5. Irradiation Creep in Graphite

    Energy Technology Data Exchange (ETDEWEB)

    Ubic, Rick; Butt, Darryl; Windes, William

    2014-03-13

    An understanding of the underlying mechanisms of irradiation creep in graphite material is required to correctly interpret experimental data, explain micromechanical modeling results, and predict whole-core behavior. This project will focus on experimental microscopic data to demonstrate the mechanism of irradiation creep. High-resolution transmission electron microscopy should be able to image both the dislocations in graphite and the irradiation-induced interstitial clusters that pin those dislocations. The team will first prepare and characterize nanoscale samples of virgin nuclear graphite in a transmission electron microscope. Additional samples will be irradiated to varying degrees at the Advanced Test Reactor (ATR) facility and similarly characterized. Researchers will record microstructures and crystal defects and suggest a mechanism for irradiation creep based on the results. In addition, the purchase of a tensile holder for a transmission electron microscope will allow, for the first time, in situ observation of creep behavior on the microstructure and crystallographic defects.

  6. Heavily Graphitic-Nitrogen Self-doped High-porosity Carbon for the Electrocatalysis of Oxygen Reduction Reaction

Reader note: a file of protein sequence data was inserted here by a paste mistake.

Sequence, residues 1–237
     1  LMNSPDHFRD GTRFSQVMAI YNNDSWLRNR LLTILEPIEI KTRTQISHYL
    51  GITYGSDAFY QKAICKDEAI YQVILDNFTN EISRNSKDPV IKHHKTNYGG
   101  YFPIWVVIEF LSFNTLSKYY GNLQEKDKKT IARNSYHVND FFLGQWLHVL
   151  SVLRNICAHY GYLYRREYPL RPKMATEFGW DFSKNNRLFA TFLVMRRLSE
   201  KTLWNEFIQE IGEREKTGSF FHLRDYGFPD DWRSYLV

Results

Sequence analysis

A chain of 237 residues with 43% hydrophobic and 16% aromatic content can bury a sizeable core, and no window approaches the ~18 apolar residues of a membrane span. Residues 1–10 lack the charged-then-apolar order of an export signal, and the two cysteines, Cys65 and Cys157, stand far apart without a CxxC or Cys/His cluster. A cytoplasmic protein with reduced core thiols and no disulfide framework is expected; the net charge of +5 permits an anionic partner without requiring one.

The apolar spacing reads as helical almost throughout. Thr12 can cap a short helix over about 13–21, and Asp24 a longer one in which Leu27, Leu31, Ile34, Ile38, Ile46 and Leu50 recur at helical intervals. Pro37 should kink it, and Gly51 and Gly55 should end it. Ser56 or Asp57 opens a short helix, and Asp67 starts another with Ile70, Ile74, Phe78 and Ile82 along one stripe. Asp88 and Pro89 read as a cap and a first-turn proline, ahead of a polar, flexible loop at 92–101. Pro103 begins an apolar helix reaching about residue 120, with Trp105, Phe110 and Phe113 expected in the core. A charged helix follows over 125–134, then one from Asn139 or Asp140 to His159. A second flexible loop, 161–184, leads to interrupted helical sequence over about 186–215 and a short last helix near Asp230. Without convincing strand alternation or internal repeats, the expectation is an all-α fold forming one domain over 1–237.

Science.gov (United States)

    Feng, Tong; Liao, Wenli; Li, Zhongbin; Sun, Lingtao; Shi, Dongping; Guo, Chaozhong; Huang, Yu; Wang, Yi; Cheng, Jing; Li, Yanrong; Diao, Qizhi

    2017-11-01

    Large-scale production of active and stable porous carbon catalysts for oxygen reduction reaction (ORR) from protein-rich biomass became a hot topic in fuel cell technology. Here, we report a facile strategy for synthesis of nitrogen-doped porous nanocarbons by means of a simple two-step pyrolysis process combined with the activation of zinc chloride and acid-treatment process, in which kidney bean via low-temperature carbonization was preferentially adopted as the only carbon-nitrogen sources. The results show that this carbon material exhibits excellent ORR electrocatalytic activity, and higher durability and methanol-tolerant property compared to the state-of-the-art Pt/C catalyst for the ORR, which can be mainly attributed to high graphitic-nitrogen content, high specific surface area, and porous characteristics. Our results can encourage the synthesis of high-performance carbon-based ORR electrocatalysts derived from widely-existed natural biomass.